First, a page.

Charles Castleman is a man of many interests, many facets
He graduated Harvard, followed by a graduate degree from The University of Pennsylvania and published essays on Renaissance madrigals + 19th century performer-composers.
Expert on Hungarian music, due to his Emanuel Ondricek and Eugen Lehner training and wide-ranging personal research, his CD of the “Scenes from the Csarda” by Jeno Hubay with the Eastman Chamber Orchestra was released by Music and Arts. Hubay was both a historic violinist and very influential musician, who trained Solti, Szell, Lipati, Szigeti, Sebok, and Starker, and hired Bartok, Dohnanyi, Kodaly in his capacity as Director Liszt Academy in Budapest . Brahms greatly valued him; almost all Brahms chamber music first was tried out in Budapest with Hubay and Popper at house-concerts before the Viennese official premieres
50 years ago, not long out of school, given $1500 and a handful of scholarships in April, he recruited 9 string quartets by July to attend a 8-week workshop in chamber music and group dynamics at Saratoga, NY he named The Quartet Program. later renamed The Castleman Quartet Program. On its website http://quartetprogram.com alumni who have maintained contact with Charles Castleman are listed by profession: 260 members of major orchestras, 133 college teachers, 118 members of professionally active chamber groups,:49 section leaders of “A” and “B” orchestras, 26 in arts management, 19 in the medical arts, 15 lawyers, 14 in business and finance, 9 in the recording and film industry, and soloists, motivational speakers, engineers and luthiers.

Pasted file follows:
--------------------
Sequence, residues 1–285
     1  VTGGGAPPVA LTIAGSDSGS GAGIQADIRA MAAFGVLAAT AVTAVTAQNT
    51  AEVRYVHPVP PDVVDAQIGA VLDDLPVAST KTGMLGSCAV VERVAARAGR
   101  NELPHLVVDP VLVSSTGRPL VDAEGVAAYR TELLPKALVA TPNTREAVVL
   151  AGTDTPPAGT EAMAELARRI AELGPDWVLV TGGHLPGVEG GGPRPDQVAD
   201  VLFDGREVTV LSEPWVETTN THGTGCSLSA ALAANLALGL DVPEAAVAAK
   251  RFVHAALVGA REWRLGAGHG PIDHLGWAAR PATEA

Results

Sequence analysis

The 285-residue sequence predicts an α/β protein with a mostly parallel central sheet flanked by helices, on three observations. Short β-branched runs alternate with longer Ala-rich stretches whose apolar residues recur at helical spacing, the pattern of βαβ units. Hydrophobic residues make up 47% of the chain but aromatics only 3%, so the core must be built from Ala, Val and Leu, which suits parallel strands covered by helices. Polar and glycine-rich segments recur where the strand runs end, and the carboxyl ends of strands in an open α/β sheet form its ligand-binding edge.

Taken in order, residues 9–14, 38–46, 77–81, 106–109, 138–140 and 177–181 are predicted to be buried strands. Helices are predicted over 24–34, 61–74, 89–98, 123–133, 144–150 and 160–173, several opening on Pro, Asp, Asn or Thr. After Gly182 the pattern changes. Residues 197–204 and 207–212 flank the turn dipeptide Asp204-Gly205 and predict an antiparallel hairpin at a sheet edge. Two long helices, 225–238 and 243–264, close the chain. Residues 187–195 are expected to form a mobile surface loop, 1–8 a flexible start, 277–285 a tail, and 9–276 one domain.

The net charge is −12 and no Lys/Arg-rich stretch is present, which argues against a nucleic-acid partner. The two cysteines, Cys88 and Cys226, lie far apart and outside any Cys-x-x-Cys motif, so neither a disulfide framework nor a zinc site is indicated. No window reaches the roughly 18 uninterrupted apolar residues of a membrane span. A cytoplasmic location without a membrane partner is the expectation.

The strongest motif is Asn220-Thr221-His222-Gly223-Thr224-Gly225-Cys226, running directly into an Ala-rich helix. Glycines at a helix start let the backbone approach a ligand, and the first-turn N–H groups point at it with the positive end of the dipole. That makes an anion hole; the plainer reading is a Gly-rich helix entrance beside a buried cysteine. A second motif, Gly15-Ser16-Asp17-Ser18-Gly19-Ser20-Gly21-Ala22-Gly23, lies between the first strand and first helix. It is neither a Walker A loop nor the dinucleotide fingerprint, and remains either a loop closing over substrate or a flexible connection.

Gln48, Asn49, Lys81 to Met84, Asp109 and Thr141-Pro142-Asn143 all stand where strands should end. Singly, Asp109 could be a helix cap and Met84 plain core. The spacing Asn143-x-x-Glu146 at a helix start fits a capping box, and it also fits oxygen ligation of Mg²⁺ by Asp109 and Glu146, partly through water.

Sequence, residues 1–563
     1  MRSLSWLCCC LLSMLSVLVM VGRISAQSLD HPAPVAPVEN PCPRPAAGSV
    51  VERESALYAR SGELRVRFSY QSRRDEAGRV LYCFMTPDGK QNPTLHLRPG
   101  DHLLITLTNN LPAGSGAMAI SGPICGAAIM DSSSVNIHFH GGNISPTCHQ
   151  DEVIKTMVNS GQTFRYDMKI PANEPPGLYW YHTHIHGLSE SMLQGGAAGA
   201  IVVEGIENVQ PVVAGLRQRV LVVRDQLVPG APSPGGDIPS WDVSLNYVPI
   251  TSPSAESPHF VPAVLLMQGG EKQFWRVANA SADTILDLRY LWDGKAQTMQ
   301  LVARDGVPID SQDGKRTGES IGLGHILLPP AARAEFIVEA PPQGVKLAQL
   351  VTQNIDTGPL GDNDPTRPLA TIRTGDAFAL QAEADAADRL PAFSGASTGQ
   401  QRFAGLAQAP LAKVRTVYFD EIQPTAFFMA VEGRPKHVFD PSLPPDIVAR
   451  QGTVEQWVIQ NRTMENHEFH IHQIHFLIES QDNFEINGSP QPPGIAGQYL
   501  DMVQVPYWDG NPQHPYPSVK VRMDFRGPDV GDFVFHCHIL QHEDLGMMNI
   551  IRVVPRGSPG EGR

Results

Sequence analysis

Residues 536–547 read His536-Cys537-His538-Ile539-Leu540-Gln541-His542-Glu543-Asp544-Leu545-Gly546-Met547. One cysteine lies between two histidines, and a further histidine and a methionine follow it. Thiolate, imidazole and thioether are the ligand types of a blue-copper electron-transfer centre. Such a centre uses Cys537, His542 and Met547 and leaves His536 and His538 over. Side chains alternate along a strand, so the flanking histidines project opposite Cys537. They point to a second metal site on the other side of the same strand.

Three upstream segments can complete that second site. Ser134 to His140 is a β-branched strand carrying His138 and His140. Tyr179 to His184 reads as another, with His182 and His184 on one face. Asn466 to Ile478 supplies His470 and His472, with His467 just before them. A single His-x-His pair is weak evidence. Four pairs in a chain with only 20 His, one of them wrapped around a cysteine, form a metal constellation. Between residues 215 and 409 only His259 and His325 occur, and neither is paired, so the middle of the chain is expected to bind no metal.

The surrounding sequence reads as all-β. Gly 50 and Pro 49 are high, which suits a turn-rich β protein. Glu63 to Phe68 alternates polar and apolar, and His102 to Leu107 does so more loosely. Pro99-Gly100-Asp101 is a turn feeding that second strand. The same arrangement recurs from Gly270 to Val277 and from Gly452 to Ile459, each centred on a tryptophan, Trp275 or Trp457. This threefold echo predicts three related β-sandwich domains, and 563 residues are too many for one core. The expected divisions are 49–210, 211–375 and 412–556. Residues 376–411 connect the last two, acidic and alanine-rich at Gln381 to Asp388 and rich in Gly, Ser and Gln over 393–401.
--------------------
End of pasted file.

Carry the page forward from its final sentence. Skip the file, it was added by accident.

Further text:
In 1995, for a season, a satellite program for String Quartets ready for management took place in Vail Colorado. A QUARTET PROGRAM for European and American Conservatory graduates took place in late August in Oberwart, Austria;
MANAGEMENT OF MULTIPLE CAREERS:
Perhaps the most successful current artist at combining two equal careers as major teacher and performer, Charles Castleman manages national and international tours without students going even a week without lessons:-lessons at beginning one week + end of next, never less than 5 days apart
Bicycles 20-30 miles every day
well-known as collector of (1) violin bows (2) Inuit (Canadian Eskimo) sculpture